Journal of Anaesthesiology Clinical Pharmacology

ORIGINAL ARTICLE
Year
: 2018  |  Volume : 34  |  Issue : 3  |  Page : 307--313

Effect of remifentanil on the recovery profile after head and neck surgeries: A prospective study


Thangavelautham Suhitharan1, Sudhakar Subramani2, Ma Thin Mar Win3, Widyawaty Binte Sulaiman1, Nurain Binte Johar1, Ong Biauw Chi1 
1 Department of Anesthesiology, Singapore General Hospital, Singapore
2 Department of Anesthesiology, University of Iowa Hospitals and Clinics, Iowa, USA
3 Yong Loo Lin School of Medicine, National University of Singapore, Singapore

Correspondence Address:
Sudhakar Subramani
Department of Anesthesia, University of Iowa Hospitals and Clinics, Iowa
USA

Background and Aims: Development of opioid tolerance in the perioperative period due to remifentanil remains controversial. We evaluated occurrence of opioid tolerance and other adverse effects due to remifentanil in patients undergoing head and neck surgery. Material and Methods: We recruited adult participants with ASA status I to III who received general anesthesia for approximately 2 h for elective head and neck procedures. Remifentanil infusion was used in one group and intermittent boluses of morphine or fentanyl were administered in another group. Postoperative pain was treated with intermittent boluses of morphine and fentanyl in post-anaesthesia care unit (PACU) to achieve a numerical rating scale score of 3. Opioid requirement was assessed as an indicator of opioid tolerance. Patients were also evaluated for time to discharge from PACU. Results: We studied 222 adults aged between 21 and 80 years. One hundred and eleven patients received a combination of remifentanil infusion and morphine boluses, and another 111 patients received only fentanyl and/or morphine boluses intraoperatively. Fifty-one patients in the remifentanil group and 25 in the fentanyl/morphine group required opioids in the PACU. Opioid requirement were significantly more (mean ± SD, 44.98 ± 59.7 Vs 20.23 ± 46.66 mcg.kg−1; P = 0.001) and required longer time to discharge from PACU in the remifentanil group compared to the fentanyl/morphine group (Mean ± SD, 88.6 ± 39.5 min Vs 73.1 ± 38.4 min; P < 0.001). No difference in the incidence of adverse effects in two groups was noted. Conclusion: At clinically relevant doses, intraoperative remifentanil infusion appears to increase opioid consumption in the immediate postoperative period. This can result in delayed discharge from PACU for patients undergoing elective head and neck procedures.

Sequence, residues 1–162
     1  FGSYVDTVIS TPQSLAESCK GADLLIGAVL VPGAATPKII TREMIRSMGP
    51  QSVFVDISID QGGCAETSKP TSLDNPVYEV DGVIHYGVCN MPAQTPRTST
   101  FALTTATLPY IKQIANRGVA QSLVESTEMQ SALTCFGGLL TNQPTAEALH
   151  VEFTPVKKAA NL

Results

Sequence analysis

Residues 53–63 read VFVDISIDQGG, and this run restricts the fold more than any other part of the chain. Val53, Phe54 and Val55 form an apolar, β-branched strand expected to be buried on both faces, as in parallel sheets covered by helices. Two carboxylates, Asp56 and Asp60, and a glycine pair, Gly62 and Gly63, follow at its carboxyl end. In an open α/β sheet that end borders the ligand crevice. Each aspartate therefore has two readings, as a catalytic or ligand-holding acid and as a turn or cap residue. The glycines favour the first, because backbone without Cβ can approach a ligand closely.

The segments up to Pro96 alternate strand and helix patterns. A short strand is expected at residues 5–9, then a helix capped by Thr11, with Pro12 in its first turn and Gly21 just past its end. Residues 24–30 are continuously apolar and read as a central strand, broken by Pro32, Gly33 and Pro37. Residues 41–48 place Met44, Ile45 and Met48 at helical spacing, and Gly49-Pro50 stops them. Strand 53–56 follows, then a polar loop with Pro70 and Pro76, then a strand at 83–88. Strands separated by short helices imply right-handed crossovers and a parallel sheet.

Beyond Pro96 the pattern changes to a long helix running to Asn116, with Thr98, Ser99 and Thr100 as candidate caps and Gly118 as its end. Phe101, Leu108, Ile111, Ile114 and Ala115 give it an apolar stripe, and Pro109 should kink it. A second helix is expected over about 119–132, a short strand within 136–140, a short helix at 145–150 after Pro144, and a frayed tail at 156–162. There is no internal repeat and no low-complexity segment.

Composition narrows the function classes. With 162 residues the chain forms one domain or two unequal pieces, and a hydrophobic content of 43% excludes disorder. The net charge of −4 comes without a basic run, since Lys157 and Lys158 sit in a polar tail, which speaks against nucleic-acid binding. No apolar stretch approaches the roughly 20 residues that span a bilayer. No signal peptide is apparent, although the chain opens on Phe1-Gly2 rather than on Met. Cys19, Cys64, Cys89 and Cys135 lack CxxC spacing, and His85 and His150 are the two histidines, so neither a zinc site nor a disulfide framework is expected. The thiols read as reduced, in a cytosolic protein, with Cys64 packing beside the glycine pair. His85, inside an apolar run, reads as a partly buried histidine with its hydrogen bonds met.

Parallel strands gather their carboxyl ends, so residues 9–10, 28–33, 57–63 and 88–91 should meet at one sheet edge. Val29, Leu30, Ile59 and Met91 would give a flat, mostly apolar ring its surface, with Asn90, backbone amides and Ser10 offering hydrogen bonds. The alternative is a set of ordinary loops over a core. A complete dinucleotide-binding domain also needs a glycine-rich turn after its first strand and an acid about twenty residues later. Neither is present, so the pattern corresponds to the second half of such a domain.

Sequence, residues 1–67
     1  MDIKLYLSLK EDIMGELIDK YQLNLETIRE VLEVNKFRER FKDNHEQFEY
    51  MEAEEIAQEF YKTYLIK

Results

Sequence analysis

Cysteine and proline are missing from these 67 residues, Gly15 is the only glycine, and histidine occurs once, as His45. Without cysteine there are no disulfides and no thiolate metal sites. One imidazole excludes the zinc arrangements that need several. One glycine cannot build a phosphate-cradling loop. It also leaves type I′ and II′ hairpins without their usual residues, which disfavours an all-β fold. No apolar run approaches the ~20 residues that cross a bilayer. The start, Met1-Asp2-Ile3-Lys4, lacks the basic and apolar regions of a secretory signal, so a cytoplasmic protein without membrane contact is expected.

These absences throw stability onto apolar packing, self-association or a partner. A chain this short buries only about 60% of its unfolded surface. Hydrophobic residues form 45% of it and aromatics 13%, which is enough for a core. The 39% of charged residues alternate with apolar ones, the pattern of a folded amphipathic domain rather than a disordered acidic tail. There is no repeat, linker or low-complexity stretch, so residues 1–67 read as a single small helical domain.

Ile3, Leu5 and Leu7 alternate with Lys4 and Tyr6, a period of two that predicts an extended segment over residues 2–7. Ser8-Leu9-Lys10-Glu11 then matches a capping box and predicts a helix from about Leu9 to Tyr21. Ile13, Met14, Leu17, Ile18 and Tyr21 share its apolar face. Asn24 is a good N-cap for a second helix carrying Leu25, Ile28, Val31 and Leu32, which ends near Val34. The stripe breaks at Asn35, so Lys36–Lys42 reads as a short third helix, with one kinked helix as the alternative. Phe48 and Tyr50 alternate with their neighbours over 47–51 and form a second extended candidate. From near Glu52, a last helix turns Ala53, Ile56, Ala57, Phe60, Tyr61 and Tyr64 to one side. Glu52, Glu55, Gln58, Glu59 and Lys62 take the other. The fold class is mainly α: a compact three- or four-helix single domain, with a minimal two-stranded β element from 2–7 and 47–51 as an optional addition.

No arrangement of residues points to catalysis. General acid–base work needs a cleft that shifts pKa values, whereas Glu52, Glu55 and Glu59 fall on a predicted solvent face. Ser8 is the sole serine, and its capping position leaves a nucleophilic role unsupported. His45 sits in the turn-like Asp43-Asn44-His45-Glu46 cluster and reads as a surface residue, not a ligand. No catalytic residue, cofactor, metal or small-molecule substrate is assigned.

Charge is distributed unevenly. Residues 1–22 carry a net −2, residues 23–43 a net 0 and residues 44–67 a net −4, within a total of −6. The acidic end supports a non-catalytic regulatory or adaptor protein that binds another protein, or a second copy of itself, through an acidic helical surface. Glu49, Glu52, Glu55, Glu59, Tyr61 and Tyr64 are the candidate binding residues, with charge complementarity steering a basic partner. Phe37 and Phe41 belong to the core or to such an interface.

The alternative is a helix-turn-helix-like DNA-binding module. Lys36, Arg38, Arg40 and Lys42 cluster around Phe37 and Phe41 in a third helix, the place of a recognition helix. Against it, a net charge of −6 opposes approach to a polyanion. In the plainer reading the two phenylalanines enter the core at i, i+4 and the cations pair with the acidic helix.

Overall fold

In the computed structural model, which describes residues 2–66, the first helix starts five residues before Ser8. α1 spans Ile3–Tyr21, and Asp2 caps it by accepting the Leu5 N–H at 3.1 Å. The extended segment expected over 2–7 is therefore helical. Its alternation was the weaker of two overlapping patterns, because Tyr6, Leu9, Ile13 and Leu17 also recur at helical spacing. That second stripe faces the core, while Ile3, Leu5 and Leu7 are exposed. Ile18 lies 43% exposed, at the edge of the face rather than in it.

How to cite this article:
Suhitharan T, Subramani S, Win MT, Sulaiman WB, Johar NB, Chi OB. Effect of remifentanil on the recovery profile after head and neck surgeries: A prospective study.J Anaesthesiol Clin Pharmacol 2018;34:307-313


How to cite this URL:
Suhitharan T, Subramani S, Win MT, Sulaiman WB, Johar NB, Chi OB. Effect of remifentanil on the recovery profile after head and neck surgeries: A prospective study. J Anaesthesiol Clin Pharmacol [serial online] 2018 [cited 2018 Dec 18 ];34:307-313
Available from: http://www.joacp.org/article.asp?issn=0970-9185;year=2018;volume=34;issue=3;spage=307;epage=313;aulast=Suhitharan;type=0